On Wednesday, at least 5,000 people took to the streets to protest a series of sweeping reforms promoted by the Ecuadorian government. Among the key drivers were new labor laws and a constitutional amendment that would authorize indefinite reelection for the nation’s president.
The most tense moment occurred at Montúfar School, in the south of the capital, Quito, where about 500 people clashed with police forces. At just that one location, Ecuadorian authorities arrested approximately 74 people.
Minister of Education Augusto Espinosa has denied that the arrested were students of that school and has condemned those who “infiltrated” the protests.
“Despite the attempts made by the [hardline Marxist] People’s Democratic Movement, inciting and involving students in these protests and generating violence, the students stayed away. Scenes of people infiltrating and wearing hoods were seen. They have nothing to do with the schools or the students,” he said.
Lastimosamente identificados infiltrados en alrededores del Montufar, detectada persona armada, no se puede caer en provocaciones violentas
— José Serrano Salgado (@ppsesa) September 17, 2014
Neighbors of the area accused police officers of abuse of power and attacking people not associated with the protests. In declarations compiled by Ecuadorian newspaper El Universo, local woman Rosario Amagua affirmed that the police attacked her nephew while he was selling candies: “They took away the box, the money, and they dragged him beaten up. He is not a student; he sells with me by the milk processor.”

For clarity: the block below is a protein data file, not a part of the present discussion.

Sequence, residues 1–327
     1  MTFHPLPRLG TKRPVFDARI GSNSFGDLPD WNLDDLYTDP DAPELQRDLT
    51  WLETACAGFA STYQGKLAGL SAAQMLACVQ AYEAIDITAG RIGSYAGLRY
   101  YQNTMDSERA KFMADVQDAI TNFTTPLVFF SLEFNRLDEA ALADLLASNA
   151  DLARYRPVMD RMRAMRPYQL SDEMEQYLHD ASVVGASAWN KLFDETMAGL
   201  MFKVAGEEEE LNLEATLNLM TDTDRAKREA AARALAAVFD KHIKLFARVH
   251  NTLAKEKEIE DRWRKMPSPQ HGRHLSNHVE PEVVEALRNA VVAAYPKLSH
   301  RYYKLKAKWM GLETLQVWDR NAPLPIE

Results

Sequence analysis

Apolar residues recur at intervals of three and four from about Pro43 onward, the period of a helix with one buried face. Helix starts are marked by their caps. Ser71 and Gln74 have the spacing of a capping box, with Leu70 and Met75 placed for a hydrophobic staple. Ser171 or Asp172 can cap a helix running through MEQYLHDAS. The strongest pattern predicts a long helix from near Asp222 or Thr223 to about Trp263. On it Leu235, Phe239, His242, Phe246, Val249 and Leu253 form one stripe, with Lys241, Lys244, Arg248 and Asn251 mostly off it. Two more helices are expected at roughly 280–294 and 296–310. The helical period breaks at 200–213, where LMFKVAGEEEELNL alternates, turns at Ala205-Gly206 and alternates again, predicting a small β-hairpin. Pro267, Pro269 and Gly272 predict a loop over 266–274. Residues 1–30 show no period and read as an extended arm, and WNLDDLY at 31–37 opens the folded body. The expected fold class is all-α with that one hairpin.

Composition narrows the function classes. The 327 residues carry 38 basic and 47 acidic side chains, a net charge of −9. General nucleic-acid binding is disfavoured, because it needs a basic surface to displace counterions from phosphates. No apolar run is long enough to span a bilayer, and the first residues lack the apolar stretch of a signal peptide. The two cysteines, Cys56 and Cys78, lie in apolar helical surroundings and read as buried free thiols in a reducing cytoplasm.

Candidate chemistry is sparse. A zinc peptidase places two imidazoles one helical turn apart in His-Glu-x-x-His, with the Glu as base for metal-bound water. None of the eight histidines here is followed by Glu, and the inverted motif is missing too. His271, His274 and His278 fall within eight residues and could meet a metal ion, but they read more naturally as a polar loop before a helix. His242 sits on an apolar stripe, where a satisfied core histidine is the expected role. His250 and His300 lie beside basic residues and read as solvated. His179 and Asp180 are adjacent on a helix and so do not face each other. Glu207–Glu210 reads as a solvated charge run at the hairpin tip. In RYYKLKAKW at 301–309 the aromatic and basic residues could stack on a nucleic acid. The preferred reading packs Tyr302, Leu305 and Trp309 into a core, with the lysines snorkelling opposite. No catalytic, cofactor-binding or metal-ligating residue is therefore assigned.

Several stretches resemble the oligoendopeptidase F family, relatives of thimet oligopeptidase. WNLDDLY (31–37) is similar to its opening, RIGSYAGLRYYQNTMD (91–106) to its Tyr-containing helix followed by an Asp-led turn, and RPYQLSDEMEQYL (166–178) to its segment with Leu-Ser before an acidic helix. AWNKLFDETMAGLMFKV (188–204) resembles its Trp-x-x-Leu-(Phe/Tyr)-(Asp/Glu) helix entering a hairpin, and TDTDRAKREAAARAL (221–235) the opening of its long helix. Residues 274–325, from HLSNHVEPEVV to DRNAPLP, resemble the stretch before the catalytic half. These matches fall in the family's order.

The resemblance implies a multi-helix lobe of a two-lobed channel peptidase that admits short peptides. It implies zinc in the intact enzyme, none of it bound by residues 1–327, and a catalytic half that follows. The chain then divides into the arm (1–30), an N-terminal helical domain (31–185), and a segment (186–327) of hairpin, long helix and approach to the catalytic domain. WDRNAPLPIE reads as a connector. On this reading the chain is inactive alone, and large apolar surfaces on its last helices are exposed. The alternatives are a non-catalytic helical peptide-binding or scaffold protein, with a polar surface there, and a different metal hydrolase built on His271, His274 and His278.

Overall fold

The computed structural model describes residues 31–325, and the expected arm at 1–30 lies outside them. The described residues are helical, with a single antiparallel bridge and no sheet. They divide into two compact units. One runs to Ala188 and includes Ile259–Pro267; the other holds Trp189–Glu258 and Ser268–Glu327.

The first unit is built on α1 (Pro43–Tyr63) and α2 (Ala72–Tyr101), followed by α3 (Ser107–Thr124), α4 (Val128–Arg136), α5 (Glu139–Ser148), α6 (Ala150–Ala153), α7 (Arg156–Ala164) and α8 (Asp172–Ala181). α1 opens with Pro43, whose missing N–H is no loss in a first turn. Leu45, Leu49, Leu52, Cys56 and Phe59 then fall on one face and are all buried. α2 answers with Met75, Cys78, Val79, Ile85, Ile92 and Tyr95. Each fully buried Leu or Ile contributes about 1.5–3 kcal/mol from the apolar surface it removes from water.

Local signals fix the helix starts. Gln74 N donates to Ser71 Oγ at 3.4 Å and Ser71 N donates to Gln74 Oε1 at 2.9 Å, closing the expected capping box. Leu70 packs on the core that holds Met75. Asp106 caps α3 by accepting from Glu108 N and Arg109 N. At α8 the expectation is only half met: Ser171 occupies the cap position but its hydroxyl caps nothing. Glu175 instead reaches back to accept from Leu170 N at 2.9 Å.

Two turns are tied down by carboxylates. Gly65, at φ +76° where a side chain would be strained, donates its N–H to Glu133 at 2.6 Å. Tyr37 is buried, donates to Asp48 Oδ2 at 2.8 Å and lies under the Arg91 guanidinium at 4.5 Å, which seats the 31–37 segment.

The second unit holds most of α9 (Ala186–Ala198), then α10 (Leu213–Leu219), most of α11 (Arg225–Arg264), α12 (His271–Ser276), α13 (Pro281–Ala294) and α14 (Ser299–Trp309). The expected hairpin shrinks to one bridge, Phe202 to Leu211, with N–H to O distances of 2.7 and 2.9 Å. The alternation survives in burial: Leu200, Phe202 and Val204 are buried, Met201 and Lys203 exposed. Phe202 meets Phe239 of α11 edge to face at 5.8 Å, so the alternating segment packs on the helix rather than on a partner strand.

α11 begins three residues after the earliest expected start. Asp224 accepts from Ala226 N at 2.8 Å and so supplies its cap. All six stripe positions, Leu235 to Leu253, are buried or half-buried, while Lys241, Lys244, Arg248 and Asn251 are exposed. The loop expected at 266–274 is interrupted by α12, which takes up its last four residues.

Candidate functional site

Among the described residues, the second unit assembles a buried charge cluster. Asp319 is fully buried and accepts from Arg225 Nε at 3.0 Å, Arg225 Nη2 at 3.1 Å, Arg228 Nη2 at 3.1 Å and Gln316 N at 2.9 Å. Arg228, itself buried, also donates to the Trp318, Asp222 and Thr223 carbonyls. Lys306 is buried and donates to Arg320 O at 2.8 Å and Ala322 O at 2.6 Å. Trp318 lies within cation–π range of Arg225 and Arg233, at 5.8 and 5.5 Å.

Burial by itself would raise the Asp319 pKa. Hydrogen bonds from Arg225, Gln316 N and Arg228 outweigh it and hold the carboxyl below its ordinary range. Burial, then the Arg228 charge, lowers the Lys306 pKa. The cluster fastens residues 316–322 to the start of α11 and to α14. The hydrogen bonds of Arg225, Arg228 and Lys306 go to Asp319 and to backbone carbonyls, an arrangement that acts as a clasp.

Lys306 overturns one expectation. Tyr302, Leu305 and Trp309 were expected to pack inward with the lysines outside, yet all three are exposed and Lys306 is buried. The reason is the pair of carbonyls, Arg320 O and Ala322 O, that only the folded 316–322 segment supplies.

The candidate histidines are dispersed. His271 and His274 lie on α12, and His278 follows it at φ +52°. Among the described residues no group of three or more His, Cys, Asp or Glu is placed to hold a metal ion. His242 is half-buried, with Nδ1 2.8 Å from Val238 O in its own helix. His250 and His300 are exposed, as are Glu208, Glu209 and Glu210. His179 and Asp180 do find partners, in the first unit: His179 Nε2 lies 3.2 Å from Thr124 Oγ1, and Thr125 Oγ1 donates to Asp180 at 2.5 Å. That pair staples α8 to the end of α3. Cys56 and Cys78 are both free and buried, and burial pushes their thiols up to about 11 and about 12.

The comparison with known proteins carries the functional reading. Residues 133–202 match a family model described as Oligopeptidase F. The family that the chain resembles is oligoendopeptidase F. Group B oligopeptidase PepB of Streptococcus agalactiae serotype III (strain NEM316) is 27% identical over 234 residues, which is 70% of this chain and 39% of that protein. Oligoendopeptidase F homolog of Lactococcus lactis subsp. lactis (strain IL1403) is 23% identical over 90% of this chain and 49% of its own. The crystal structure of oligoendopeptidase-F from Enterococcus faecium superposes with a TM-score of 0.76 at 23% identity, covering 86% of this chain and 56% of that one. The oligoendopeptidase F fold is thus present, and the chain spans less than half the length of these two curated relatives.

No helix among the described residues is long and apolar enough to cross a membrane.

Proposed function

While one of the goals of the protest was to appear before government officials, not a single one greeted the indigenous and union leaders. Omar Simon, general secretary of the presidency, simply dismissed them.
“Some of their proposals are openly false,” he said, “which undermines the purported seriousness of their self-appointed social leaders, like the malicious and reckless request to stop repression… This is the reason why neither the president nor any other government officer will address them — at least, not until we observe a responsible attitude, consistent with the historic process that this country is experiencing.”
Indigenous leader Carlos Pérez Guartambel, president of the Ecuarunari coalition, was unfazed. In particular, he warned against the constitutional reform to allow indefinite reelection: “Don’t play with fire; the people are waking up. If we don’t want indefinite reelection, we will insist on a referendum.”
Source: Diario de Yucatán.